While it's inevitable that narcotraficantes and other thugs appear in his book, he neither minimizes their presence among the more law-abiding faithful nor makes it appear that Santa Muerte is primarily a saint for the drug trade. She comes across instead as a love goddess gone generalist, to whom anyone may pray for anything because she treats everyone equally. Interestingly, many of the things the believers Chestnut interviewed repeated things that I'd come to believe through my own unverified personal gnosis (UPG), such as that Santa Muerte doesn't like coming for the soul of someone bound for damnation.

There is also a very nice bibliography.

Santa Muerte gives this one five tequila bottles out of five.
lady_kishiria: (Virgin of Ocotlan)
My subconscious is trying to tell me something but I don't know what.

Dreamt I was in the living room of the house I grew up in. Some people who I know now, but not well, who are heathens were coming over to celebrate a feast day. My dad showed up, and didn't go off into a rage, he sat down to see what was going on and even participated. I put my rugs from Afghanistan down on the table and before I could get any of my religious objects, they'd put down theirs. The devotional items in question were images of Thor. I was worried that my mom was going to show up as my dad was still interested. I went into my room (old bedroom in old house) to put the items I'd taken back onto an altar I'd built to "the goddesses". Most of the images were of the Virgin Mary and one was of Santa Muerte. I remembered I had an image of Kali (which I do in the waking world) and thought, "Oh, how could I have forgotten her?" I got it from my current waking-world living room and put it on the goddesses altar. Then I went back to the living room and we pulled runes. The only one I remember is Othala.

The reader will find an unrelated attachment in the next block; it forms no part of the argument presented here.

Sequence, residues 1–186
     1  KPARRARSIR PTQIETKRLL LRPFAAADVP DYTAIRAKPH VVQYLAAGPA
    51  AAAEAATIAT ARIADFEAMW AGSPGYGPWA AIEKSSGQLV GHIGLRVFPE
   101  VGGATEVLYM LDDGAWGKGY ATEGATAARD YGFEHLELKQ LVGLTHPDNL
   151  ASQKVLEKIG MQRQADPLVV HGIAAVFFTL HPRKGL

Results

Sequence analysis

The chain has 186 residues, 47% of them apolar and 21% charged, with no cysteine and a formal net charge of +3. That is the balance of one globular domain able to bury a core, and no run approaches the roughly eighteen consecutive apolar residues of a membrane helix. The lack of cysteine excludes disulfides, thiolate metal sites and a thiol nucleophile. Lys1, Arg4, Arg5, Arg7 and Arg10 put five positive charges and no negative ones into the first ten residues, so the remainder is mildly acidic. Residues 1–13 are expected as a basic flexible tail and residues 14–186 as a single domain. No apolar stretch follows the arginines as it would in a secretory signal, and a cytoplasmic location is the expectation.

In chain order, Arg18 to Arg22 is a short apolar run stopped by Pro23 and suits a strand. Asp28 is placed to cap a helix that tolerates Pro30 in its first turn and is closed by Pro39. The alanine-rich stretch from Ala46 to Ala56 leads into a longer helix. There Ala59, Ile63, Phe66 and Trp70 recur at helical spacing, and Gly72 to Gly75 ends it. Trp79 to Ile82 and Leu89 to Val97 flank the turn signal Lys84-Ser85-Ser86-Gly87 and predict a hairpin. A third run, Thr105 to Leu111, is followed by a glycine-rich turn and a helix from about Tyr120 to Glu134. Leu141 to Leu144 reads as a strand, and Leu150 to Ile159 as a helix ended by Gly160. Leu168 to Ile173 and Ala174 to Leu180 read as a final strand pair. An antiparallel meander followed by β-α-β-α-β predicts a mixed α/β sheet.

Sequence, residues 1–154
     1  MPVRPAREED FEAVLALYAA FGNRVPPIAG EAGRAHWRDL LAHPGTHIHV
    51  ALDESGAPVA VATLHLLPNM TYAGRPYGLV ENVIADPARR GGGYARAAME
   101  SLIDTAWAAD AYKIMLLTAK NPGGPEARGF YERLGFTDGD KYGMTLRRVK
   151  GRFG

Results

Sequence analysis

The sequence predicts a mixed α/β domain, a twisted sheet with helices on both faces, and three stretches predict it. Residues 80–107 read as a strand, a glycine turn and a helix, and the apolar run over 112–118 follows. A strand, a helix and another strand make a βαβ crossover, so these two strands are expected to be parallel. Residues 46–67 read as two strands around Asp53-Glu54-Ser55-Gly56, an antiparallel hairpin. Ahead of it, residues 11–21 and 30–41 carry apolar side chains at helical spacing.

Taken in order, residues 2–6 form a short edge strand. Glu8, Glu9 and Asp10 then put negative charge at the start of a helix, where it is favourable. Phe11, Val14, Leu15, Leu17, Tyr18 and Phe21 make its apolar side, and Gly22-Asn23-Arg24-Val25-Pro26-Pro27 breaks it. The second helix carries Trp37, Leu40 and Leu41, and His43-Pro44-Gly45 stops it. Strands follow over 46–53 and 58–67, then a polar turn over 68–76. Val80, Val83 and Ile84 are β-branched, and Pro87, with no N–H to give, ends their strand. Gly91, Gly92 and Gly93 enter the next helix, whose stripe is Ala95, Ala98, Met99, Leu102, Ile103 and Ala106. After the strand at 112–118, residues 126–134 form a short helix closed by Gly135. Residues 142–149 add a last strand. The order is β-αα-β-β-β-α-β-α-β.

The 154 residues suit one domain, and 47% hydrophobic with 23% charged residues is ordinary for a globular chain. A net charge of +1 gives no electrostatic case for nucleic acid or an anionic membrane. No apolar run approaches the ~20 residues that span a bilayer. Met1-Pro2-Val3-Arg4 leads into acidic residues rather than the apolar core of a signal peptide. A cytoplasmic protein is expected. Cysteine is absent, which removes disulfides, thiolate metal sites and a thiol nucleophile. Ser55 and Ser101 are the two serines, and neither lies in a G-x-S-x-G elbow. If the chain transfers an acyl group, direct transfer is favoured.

I've a feeling the meaning is obvious and I'm "too close" to see it. Mothers are definitely a theme, but I don't know in what capacity.
lady_kishiria: (Default)
I didn't get what [profile] dmckilli meant when he commented on Russians taking over LJ. I thought it was a reference to all those Russian LJers who come in and friendlist you for no reason you can determine because you can't read Russian and neither can I anymore. (I did once.)